58. A thriller with a quietly sensational performance by Tilda Swinton.
    • Wall Street Journal
  59. A wonderfully generous spirit. It's a film about cultural yearning and fearless love.
    • Wall Street Journal
  60. Cate Blanchett tops anything she's done in the past with her portrait of a fallen woman who's a hoot, a horror, a heartbreaker and a wonder. The mystery of the movie as a whole is that it depicts a bleak world of pervasive rapacity, deceit and self-delusion, yet keeps us rapt with delight.
  61. Hugely inventive -- and smashingly beautiful.
  62. This gorgeous film, always tender and sometimes dark, is a deeply resonant comic drama that's concerned with nothing less than life, death, love, sex, guilt and the urban logic of mortality.
  63. By most standards of conventional film narrative, this movie is a mess. [25 June, 1987, p.22(E)]
    • Wall Street Journal
  64. Why, then, should we be eager to see a story of such incomplete inspiration? Because it's thrilling, and stirring. And because it is truth.
    • Wall Street Journal
  65. I can tell you that Ms. Laurent’s direction is astute and economical, that both of the film’s young stars give fine performances, and that Breathe is a very good title for a film that ever so gradually takes your breath away.
  66. 5 Broken Cameras is short on facts and, like the demonstrations themselves, provocative by nature. Still, it casts a baleful light on anguishing, seemingly incessant scenes of tear gas hurled, bullets fired, villagers fleeing for their lives and, on one shocking occasion, a life lost as the camera rolls. This is how the conflict looks from the other side of the barrier.
  67. The only thing Mr. Tarantino spells out is the violence. I have seen much more blood spilled, yet I felt sickened by the coldness of this picture's visual cruelty. [29 Oct 1992, p.A11(E)]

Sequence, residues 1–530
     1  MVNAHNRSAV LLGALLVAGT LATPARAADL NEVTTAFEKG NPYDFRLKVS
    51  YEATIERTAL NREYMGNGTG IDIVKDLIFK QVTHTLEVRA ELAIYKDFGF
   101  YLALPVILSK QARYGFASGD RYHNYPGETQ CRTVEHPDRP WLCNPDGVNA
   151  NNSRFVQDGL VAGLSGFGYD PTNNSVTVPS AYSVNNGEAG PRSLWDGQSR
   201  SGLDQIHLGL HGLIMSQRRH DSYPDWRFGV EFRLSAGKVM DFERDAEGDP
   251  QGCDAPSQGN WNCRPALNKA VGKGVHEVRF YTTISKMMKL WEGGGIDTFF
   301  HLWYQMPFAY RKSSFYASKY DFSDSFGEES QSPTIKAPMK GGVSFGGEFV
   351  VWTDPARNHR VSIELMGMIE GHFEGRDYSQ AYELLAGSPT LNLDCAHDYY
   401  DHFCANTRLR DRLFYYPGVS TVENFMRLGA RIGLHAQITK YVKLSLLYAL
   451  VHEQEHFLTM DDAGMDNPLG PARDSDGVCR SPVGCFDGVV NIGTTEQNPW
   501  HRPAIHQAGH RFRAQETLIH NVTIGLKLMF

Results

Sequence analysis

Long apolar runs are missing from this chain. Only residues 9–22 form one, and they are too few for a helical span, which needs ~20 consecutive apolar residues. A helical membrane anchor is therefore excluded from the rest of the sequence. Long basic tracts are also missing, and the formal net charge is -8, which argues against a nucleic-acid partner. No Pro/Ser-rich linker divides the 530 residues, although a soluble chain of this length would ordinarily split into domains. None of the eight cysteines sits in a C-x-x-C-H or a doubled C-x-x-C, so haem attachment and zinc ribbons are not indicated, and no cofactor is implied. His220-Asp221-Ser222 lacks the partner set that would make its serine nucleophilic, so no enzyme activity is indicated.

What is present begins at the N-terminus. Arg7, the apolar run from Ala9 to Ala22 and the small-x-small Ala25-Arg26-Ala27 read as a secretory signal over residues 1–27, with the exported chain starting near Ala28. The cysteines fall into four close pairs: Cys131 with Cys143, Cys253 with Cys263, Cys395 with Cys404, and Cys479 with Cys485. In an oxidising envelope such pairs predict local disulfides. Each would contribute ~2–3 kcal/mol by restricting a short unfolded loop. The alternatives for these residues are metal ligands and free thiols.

• Wall Street Journal
  68. This film is extraordinary on several counts: its knowledge of an arcane trade (Mr. Cohen ran his family's diamond business after his father died); its fondness for telling good life stories; and, above all, its superb starring performance.
    • Wall Street Journal
    • 78 Metascore
    • 80 Critic Score
    The thriller aspect of this work, happily, doesn't overshadow its real beauty -- its stark portrayal of the nightmare despair of aliens, hunted, on edge, prepared to risk all for a new start.
    • Wall Street Journal
  69. Magnificent.
  70. Difficult too, and certainly problematic, but it's sometimes quite wonderful. Do see it if you're curious about one-of-a-kind films, and if you care about the ever-evolving career of one of our most gifted filmmakers.
    • Wall Street Journal
  71. In a literal sense this delightful film, in Norwegian with English subtitles, is about retirement and the prospect of loss. But Mr. Hamer, a poet of the droll and askew, sends the aptly named Odd--it's also a common Norwegian name--on a cockeyed journey from regret through comic confusion to a lovely eagerness for new adventures.
  72. Much of this is fascinating, as far as it goes, but it wouldn't go as far as it does into drama were it not for Ms. Johansson's wonderfully strange performance.
  73. The Counterfeiters is inevitably serious, even austere, and full of chilling, ironic details.
  74. A thrilling -- and harrowing, and beautiful -- celebration of the unpredictability of life.
    • Wall Street Journal
  75. It's spectacular, to be sure, but also remarkable for its all-encompassing gloom. No movie has ever administered more punishment, to its hero or its audience, in the name of mainstream entertainment.
  76. It's a horror flick, and a creepily good one, that also functions as an allegory of the war that still haunts Spain seven decades later.
    • Wall Street Journal